Contribution to the study of heel irons from present-day Bulgarian lands
Keywords:heel irons, shoes, Middle Ages, Ottoman period, Bulgaria, Balkan Peninsula
It is generally acknowledged that heel irons in Bulgaria came into use around 1200 AD. They are considered one of the usual High medieval finds, which continues to be used in the Ottoman period and even today. They are believed to have been attached to the soles of “rough” shoes, often interpreted as “military”. However, a careful examination of the contexts in which they are found compels a vast revision of existing views.
It is noteworthy that heel irons were not found in cemeteries dating back to the 13th and 14th c. The objects found in settlements are for the most part non-contextual finds, and as a rule, they were unearthed in settlements that indeed existed in the Middle Ages but also continued their life in the Ottoman era. The earliest of the few distinctly documented contexts containing heel irons within settlements cannot be dated before the very end of the 14th or even rather the first half of the 15th c.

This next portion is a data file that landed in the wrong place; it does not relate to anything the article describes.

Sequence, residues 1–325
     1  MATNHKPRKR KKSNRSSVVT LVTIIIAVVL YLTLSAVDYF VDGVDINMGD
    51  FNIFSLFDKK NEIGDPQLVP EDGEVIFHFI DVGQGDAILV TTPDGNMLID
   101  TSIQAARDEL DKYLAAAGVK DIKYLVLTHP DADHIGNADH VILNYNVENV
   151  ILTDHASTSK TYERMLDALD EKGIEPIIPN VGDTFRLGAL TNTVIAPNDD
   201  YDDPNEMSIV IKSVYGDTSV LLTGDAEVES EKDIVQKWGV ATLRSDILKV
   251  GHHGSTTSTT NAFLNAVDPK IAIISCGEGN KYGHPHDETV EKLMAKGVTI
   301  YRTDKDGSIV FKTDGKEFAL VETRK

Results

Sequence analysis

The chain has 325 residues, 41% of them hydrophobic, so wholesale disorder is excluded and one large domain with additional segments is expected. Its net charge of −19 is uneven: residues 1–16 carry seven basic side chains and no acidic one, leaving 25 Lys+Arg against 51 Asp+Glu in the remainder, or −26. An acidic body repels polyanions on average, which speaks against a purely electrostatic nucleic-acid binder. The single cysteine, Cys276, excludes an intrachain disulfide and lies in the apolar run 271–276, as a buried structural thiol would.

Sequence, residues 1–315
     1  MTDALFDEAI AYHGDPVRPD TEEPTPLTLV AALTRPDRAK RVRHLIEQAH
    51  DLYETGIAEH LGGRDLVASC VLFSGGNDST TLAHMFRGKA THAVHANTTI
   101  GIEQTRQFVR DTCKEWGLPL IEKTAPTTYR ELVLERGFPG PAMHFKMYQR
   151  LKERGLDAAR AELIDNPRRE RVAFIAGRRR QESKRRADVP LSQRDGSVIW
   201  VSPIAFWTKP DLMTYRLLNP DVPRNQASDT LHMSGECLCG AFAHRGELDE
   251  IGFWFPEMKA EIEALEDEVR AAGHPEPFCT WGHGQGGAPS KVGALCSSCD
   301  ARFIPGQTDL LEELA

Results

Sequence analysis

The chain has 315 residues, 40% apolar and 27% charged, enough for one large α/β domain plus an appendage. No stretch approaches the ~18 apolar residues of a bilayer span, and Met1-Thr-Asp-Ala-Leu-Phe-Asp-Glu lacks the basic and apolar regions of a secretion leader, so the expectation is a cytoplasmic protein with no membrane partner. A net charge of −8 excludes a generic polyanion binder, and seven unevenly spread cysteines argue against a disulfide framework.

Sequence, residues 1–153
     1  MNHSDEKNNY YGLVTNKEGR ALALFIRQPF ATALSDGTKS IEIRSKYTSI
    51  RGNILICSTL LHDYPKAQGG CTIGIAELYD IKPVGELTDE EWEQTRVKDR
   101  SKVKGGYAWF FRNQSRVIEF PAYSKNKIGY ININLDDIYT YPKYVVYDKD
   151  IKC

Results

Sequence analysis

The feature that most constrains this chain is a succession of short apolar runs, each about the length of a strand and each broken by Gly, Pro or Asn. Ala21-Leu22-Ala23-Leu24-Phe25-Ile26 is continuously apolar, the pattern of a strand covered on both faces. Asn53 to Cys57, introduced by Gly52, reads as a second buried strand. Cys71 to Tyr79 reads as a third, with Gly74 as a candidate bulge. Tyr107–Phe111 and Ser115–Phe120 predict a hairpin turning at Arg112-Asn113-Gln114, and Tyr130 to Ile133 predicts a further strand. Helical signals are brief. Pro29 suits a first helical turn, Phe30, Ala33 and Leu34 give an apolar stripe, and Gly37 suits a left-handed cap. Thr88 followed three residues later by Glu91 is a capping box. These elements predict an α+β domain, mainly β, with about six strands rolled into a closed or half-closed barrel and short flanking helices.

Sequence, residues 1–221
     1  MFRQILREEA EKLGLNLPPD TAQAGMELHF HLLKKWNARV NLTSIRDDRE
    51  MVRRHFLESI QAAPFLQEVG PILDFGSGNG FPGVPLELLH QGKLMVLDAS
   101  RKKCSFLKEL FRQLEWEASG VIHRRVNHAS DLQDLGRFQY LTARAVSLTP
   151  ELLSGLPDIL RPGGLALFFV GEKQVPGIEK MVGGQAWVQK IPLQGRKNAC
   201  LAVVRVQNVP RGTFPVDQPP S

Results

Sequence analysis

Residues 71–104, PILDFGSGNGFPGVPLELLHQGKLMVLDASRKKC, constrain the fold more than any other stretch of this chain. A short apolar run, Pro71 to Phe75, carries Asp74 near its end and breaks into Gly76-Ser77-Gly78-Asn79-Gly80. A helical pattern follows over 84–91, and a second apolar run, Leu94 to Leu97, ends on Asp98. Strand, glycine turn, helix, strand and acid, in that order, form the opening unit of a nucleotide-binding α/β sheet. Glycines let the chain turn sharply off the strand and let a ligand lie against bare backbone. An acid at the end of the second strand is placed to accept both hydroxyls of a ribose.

On the other hand, heel irons are relatively common in cemeteries dating back to the Ottoman period. The available data suggest that they are one of the objects that appeared in present-day Bulgarian lands during the Ottoman conquest because of the widespread distribution – among all strata of the population and not only the soldiers – of specific oriental shoes and boots: pabuç and çizme. The scarce archaeological evidence from other Balkan countries, i. e. Greece or Serbia, does not contradict this idea. Considering this, one would not be surprised to hear that in Bulgarian the heel iron is called налче (“nalche”), which is a direct borrowing of the Turkish word nalça/na’lçe.
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